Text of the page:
TE: How has your faith impacted you, specifically during your time at MECF?

MP: My belief in the importance of serving others is probably the biggest way in which my faith has been present in my work, not just here at MECF, but during my entire career in the nonprofit sector. My life is centered around the role of caring, of nurturing growth, and of being able to share the gifts I have been given to the best of my ability. I have been so blessed to be a mom, and that very special role in life has been infused by a deep sense of spirituality. I like to think that through that I am able to connect easily, and with compassion, with those women and families we are supporting through our work across the state.

TE: What do you wish more people knew about this organization?

MP: What makes people want to consider funding or volunteering or just sharing good word of mouth or publicity about something? I always say it goes back to the mission. I do donor cultivation work, so I always ask people, “Why? What moves you, what creates passion for you around the mission?” And I think with MECF we are all about moms and babies and that’s something that every single person has a connection to, right? We all had or have a mom, or we are one or are related to one, so tapping into that universal truth about motherhood and the value of creating a healthy start is where we start. So if we each can do whatever we can to create a healthy, loving, nurturing, successful experience in pregnancy and early childhood for these families, it will have an impact that will last a lifetime.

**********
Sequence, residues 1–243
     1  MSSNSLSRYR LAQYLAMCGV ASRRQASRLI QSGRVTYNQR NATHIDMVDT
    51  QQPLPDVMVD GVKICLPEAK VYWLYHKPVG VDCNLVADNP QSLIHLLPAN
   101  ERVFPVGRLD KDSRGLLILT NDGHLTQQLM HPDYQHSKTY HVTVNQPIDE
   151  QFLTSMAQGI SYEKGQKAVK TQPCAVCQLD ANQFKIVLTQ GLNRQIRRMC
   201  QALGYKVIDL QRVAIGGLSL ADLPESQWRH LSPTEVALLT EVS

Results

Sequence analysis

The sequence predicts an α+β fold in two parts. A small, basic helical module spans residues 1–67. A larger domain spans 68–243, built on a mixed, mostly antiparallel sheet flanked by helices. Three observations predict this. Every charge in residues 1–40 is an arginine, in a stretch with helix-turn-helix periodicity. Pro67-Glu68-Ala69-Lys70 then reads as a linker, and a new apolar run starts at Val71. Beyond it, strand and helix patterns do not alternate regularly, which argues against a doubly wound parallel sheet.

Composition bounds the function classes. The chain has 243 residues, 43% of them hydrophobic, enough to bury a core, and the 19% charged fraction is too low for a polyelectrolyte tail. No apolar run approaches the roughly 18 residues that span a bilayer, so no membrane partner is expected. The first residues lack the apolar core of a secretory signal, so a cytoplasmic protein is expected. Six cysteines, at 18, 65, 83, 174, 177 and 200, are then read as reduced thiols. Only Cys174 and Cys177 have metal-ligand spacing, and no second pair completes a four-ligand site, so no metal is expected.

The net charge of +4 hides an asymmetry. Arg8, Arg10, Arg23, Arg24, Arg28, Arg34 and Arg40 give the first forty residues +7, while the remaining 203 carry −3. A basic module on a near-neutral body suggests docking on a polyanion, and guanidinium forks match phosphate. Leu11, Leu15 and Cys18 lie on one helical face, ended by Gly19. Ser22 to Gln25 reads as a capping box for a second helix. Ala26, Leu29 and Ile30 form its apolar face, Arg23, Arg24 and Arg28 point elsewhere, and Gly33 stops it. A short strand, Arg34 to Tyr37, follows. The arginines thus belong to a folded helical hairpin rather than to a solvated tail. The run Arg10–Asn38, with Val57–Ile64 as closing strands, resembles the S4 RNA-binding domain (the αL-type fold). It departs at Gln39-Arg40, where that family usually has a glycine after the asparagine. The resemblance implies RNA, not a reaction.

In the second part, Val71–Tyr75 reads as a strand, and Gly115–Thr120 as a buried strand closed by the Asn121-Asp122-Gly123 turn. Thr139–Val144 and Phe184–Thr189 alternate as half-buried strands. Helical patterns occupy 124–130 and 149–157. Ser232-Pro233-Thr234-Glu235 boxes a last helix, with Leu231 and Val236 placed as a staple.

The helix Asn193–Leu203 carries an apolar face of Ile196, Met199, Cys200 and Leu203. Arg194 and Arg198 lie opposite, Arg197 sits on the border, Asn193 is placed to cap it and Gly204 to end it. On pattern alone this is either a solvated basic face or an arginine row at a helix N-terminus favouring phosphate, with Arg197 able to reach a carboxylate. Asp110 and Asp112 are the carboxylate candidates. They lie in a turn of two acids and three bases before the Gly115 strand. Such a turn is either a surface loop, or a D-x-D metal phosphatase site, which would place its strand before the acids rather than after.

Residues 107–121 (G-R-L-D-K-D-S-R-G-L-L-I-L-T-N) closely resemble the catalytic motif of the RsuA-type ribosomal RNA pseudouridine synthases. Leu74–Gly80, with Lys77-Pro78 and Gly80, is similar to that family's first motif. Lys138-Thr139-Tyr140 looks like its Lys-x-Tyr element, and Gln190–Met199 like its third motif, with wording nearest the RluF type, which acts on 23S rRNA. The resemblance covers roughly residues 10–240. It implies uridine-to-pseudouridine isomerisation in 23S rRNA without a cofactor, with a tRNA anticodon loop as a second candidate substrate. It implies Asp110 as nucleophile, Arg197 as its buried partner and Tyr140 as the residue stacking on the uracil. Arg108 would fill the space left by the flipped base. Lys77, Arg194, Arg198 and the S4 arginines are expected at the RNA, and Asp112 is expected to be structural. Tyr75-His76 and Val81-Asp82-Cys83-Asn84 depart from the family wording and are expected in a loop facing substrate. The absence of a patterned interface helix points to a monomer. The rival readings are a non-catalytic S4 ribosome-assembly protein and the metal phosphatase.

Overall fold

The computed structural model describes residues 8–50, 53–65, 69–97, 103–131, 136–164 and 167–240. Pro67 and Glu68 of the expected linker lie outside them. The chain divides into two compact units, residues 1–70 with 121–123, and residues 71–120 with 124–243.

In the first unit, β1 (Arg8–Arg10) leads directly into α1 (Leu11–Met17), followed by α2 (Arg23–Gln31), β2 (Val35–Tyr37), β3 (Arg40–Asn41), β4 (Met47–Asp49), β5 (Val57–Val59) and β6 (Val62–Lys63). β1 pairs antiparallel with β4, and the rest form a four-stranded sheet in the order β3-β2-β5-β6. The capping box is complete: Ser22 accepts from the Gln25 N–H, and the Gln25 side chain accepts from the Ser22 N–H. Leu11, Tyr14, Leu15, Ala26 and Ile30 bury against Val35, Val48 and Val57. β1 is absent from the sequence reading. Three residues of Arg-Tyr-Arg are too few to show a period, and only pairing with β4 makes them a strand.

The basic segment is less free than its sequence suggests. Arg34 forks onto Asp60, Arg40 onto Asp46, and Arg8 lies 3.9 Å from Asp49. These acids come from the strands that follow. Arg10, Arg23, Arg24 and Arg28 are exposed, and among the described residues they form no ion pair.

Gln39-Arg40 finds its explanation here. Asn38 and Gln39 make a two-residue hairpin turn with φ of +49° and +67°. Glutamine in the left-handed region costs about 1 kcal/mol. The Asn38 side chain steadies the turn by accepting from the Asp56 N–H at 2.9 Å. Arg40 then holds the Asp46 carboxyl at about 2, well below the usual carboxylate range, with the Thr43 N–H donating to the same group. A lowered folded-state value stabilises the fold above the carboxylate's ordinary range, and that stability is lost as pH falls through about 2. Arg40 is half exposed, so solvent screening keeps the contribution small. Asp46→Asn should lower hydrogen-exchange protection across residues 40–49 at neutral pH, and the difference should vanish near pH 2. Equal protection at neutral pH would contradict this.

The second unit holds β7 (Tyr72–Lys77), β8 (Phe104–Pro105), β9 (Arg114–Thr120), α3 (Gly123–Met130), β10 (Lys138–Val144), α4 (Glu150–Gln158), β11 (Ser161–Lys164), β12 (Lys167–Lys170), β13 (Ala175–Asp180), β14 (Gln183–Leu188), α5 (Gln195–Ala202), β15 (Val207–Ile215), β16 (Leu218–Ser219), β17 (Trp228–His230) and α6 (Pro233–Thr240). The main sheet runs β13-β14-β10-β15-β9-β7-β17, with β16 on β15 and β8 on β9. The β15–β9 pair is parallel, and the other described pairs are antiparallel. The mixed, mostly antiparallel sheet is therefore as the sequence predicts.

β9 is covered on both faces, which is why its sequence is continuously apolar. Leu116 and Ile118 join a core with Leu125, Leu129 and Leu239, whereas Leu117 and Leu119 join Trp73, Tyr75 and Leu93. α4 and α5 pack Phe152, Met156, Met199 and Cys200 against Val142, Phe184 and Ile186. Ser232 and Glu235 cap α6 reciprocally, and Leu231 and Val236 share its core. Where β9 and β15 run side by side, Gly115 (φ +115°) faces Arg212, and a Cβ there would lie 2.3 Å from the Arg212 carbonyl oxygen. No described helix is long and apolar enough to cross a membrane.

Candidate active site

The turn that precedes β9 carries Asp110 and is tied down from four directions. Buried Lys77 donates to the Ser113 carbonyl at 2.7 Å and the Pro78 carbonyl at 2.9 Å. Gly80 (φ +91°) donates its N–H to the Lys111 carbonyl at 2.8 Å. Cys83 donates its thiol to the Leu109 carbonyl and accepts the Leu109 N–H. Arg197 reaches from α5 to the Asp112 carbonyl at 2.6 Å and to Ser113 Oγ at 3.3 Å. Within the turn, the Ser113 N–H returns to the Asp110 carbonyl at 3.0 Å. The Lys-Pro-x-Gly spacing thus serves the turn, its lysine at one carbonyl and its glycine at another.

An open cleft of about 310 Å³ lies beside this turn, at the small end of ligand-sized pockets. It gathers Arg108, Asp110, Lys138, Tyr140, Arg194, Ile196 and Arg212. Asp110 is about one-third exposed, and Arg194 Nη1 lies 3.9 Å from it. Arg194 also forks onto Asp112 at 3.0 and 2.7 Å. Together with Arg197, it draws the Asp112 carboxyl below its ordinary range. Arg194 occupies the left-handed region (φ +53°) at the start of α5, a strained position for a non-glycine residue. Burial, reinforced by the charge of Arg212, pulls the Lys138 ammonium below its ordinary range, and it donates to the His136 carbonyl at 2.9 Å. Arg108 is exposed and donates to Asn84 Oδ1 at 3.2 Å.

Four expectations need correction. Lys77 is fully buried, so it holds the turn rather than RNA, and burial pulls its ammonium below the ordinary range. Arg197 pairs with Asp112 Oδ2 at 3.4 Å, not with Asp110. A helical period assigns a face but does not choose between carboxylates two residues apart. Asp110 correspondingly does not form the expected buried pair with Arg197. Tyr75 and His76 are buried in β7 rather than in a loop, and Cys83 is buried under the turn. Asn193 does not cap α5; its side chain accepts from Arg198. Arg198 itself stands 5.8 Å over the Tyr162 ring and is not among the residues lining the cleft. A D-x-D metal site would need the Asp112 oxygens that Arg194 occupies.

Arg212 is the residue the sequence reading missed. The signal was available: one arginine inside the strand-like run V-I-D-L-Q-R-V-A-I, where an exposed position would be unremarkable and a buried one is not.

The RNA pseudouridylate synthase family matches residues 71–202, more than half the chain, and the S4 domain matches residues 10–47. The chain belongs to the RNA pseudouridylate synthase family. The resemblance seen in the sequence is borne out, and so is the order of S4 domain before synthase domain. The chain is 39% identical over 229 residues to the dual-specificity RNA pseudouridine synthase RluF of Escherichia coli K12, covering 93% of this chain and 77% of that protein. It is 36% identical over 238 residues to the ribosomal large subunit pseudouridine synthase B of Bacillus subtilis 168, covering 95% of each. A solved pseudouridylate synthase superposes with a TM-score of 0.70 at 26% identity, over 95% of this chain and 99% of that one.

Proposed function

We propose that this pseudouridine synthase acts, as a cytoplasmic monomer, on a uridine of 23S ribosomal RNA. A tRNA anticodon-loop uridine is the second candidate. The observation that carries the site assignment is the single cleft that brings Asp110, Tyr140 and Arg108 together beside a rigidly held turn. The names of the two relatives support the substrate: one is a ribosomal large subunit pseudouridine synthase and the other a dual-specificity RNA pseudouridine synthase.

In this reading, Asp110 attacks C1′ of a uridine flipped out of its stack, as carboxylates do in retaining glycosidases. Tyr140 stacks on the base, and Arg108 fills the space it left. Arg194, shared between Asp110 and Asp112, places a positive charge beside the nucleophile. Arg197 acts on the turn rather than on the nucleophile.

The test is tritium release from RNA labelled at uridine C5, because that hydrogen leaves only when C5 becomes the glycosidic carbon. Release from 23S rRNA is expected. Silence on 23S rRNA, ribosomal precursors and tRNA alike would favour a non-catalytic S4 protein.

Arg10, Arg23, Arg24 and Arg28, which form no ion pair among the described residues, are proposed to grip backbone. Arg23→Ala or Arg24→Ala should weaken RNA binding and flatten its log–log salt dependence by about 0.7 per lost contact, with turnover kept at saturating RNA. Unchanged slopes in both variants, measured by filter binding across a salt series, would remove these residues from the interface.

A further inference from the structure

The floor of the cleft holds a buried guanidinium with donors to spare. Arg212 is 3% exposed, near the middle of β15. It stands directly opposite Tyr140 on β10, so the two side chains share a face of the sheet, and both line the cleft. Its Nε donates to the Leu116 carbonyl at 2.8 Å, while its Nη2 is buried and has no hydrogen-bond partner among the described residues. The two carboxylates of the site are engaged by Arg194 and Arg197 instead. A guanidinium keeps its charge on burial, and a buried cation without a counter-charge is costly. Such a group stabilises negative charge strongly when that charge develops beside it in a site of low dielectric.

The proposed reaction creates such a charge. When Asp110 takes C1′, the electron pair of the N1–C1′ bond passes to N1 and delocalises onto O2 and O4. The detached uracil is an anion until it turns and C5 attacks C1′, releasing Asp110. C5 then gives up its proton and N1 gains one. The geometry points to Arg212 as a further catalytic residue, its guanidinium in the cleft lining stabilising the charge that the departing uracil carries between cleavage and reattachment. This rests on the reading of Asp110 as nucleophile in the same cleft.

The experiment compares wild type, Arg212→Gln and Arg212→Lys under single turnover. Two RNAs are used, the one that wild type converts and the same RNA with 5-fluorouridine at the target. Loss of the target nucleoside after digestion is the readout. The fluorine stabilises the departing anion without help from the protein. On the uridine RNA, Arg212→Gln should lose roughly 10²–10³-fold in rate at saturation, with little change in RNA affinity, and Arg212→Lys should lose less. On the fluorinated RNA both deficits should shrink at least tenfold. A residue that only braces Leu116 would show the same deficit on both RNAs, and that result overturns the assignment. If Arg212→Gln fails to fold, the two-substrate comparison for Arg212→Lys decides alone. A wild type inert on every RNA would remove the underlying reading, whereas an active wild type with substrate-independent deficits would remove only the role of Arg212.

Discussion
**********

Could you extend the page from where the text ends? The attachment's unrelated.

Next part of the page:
TE: Do you have a story that stuck out to you from your time as executive director?

MP: One of the only programs I got the opportunity to visit before the pandemic struck was out in Jamestown — a parenting session with one of the moms. (Her) baby was on the floor and crawling around and the staff member was trying to gently guide and educate this mom about interacting with the baby. And all of this resonated with me. It was just a comfortable setting, so the baby kind of crawled over to me and I just started doing what would come naturally to me, which was to share and say what I was doing with this new mom, just like what I would do if it was one of my nieces or one of my friends. It was sitting on the floor with that young mom and that adorable child and seeing how hard this mom is working to learn what she needed to learn, to figure out how to manage her child’s behavior and feel comfortable expressing her love, it really left an impact on me. It’s not about what we read, it wasn’t just about somebody’s website, but being in the room with this young woman who was so courageous. She doesn’t have a lot of supports in her life, and she’s reaching out and taking classes, she’s seeking help in order to do the best she can for this little girl.